Part 3 – Julie's Work: An Interview with Julie Colwell and Katie Hendricks

Kathlyn (Katie) Hendricks, PhD, BC-DMT, and Julia (Julie) Colwell, PhD, are pioneers in the field of human consciousness, conscious leadership and human potential. Nancy Kepner, co-founder of Crafted Leadership, LLC, sat down with Katie and Julie to get their perspective on a range of issues. Crafted Leadership’s mission is to spread conscious leadership throughout the global workplace, using Julie and Katie’s work as the foundation.

Based in Boulder, psychologist Julie Colwell's body of work extends over 30 years and brings together science, wisdom and applied work with thousands of people.

Nancy: Julie, what would you say about your own work?

Julie: I'm fascinated by what real power is. These days, I'm calling it Evolutionary Power. There is the old power, power over/under model of hierarchy that we are all very familiar with. Every mammal, every human understands hierarchy. Down to our DNA, we know hierarchy.

Now it's time for us to move beyond hierarchy because hierarchy keeps us in Reactive Brain. One leads to another. Reactive Brain leads to hierarchy, hierarchy leads to poorer individual functioning.

But there’s this other possibility which is beyond all of that. Once we get out of our reactivity, we are in this other place where collaboration is possible, our full creative potential can be expressed. There’s where my fascination is. What does real power look like? This is the next phase of humanity as far as I'm concerned, where every single one of us can live from our full potential, where we know how to do it. We just need to understand the situation that supports that. It's not that complicated. I'm very interested in that.

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Part of my life's purpose is to support the shift beyond hierarchy, into co-creativity. People can be happy. We don't have to be addicted, and we don't have to be neurotic.

At different times I've said I'm a friendly elevator operator: I meet people where they are. Sometimes we are way down in the basement and we hang out there until we are ready to be in a different place.

Instead of seeing one state of consciousness as better than or more positive than another, it’s about mastering all states and letting shame be as divine as appreciation or love.

Julie Colwell is a collaborator at heart.

It’s about understanding that for humans, a big problem is that we are threatened animals who have language. We create these long stories that we get so caught in, often from our most negative states. Then we believe ourselves, that whatever we’re thinking is true. That's a big problem, because our minds change all the time, according to whatever level of consciousness we’re inhabiting.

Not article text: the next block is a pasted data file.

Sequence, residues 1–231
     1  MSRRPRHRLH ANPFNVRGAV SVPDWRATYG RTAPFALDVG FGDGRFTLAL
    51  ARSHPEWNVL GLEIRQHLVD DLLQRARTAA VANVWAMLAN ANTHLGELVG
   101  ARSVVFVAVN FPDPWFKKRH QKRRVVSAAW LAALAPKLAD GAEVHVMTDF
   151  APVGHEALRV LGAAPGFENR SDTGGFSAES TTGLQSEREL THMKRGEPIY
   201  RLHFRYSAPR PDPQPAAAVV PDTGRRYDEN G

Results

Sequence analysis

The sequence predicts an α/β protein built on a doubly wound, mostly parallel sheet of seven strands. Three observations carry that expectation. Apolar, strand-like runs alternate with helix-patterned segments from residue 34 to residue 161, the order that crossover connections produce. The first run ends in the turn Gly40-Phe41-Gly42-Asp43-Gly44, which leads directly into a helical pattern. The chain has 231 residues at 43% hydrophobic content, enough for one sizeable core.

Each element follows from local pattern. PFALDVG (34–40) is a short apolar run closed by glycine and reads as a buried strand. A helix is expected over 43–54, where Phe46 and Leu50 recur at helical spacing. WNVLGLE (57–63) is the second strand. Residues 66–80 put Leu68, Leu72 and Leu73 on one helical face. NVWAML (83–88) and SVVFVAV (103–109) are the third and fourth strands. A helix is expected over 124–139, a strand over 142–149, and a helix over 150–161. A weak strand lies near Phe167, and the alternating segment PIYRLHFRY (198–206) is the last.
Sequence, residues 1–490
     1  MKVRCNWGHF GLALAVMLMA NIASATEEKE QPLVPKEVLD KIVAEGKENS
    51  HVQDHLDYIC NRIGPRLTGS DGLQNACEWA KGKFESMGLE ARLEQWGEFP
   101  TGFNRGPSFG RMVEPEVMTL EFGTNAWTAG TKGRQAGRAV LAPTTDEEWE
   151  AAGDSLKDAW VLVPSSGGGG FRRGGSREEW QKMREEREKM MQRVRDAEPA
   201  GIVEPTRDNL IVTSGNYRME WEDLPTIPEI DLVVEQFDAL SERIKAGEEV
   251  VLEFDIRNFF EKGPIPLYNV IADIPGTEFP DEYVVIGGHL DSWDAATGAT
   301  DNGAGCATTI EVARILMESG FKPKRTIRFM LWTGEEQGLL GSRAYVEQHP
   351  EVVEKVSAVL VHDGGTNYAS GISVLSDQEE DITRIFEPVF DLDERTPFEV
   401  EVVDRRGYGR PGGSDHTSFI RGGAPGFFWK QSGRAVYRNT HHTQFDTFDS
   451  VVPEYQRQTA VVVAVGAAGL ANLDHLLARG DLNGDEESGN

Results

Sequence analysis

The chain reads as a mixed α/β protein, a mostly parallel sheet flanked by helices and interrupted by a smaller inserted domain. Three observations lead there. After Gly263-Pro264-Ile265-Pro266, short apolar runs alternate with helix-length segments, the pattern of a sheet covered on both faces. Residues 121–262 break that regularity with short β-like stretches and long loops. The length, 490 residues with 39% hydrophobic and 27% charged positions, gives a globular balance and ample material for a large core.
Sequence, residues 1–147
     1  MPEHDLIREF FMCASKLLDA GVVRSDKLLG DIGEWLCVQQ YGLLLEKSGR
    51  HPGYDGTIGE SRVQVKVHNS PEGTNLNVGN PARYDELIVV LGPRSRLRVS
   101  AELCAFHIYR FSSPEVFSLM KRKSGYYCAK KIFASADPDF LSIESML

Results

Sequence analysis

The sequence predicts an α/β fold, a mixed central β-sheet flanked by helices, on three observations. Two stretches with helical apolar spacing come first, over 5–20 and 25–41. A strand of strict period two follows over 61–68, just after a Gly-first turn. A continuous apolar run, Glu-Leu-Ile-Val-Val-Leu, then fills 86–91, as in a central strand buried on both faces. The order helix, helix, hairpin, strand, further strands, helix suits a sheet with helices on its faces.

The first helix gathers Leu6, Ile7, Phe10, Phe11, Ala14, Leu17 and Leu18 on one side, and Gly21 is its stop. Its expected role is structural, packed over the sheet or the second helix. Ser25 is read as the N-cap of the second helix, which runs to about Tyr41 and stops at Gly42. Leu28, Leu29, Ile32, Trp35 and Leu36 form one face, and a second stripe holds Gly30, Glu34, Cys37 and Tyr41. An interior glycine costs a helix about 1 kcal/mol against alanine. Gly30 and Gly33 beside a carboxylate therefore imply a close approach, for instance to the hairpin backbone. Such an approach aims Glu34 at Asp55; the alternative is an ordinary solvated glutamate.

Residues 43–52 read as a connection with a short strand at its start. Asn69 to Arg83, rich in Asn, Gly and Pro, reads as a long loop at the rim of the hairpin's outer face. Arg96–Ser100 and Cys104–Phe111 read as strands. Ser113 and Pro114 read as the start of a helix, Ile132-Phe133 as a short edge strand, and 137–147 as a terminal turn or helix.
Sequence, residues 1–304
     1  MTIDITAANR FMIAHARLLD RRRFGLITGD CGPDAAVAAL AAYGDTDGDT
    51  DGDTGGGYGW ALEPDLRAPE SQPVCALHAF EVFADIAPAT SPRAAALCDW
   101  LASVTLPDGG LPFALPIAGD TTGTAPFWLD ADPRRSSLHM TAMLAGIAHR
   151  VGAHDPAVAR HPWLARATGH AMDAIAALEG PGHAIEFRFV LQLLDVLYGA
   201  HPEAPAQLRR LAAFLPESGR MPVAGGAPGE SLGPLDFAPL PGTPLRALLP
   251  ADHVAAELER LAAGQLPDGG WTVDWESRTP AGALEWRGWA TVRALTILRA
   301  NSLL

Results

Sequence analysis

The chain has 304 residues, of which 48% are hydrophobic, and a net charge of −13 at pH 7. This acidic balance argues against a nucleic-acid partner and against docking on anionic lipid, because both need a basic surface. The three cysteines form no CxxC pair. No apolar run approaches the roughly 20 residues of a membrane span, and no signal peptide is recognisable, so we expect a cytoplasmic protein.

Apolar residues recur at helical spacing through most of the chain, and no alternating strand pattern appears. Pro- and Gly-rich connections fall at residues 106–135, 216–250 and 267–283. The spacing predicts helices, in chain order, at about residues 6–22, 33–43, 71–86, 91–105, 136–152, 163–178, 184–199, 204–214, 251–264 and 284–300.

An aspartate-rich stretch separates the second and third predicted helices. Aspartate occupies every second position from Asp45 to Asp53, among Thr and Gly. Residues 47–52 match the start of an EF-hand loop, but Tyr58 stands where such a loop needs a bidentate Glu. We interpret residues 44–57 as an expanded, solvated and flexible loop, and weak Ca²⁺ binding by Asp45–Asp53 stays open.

My investment is building a bridge of awareness about those states of consciousness so people understand they can move all around, [from one state to another.] Each state is as glorious as the next, though it sure can be more fun to live in an expanded state than in all of this contraction that we mostly walk around in.

Katie: I would add to that your explanation takes place within a community context where you're practicing collaboration, you're practicing being with people while they find their way to loving and appreciating themselves.

That's part of moving from power over, in a way that models and infuses the possibility for the community. It's what we used to call holding the space but it's much more dynamic than that. You're not trying to do this as a hero and pulling everybody along, you are creating a context of co-creation. Which is, in itself, a demonstration of what you are talking about.

Julie: Yes.

Katie: And you are willing to be with all of the dance of that, which is an evolutionary dance. Not like, “Here, do this and that will happen.” You're really pioneering.

You're in the unknown with joy.

Julie: Yes, and we are in the marketplace. It isn't on the mountain top, even though it's nice on the mountain top. The grist for the mill is everydayness. Can we do it now? How about this minute? How about when we are tired?

Julie and Katie are masters at playing with the unknown.

Katie: How about when there is something spilled all over the floor?

Julie: Like when an open white can of paint was heading towards me — how about now? The practice and the embodiment over time of these practices — that is the fun part, to watch how this unfolds.

Katie: I think one thing we both share that is really important here is the initial suspicion for both of our approaches.

#1. It couldn't possibly be that simple. “You mean, all I need to do is … you're kidding; you can't be happy all of the time.” The resistance to seeing the possibility.

#2. That [the principles we teach] are so accessible.

Julie: It can't be that easy. The third one is, “this must be a cult.”

Katie: Yes! I want to share with you what I say to people when they say, "Oh, are you in a cult?" That happens because people are having so much fun and they come back and they are so different. I say the main difference between us and a cult is that it's very difficult to get IN (like my advanced class, my Leadership and Transformation program) and it's very easy to get OUT.

Julie: Oh, that's great. What a great answer. I love that.

Other blogs from this interview touch on fear, courage, emotions in the workplace, flags, their bodies of work, and the present world. Read the next installment, Part 4: Fear.



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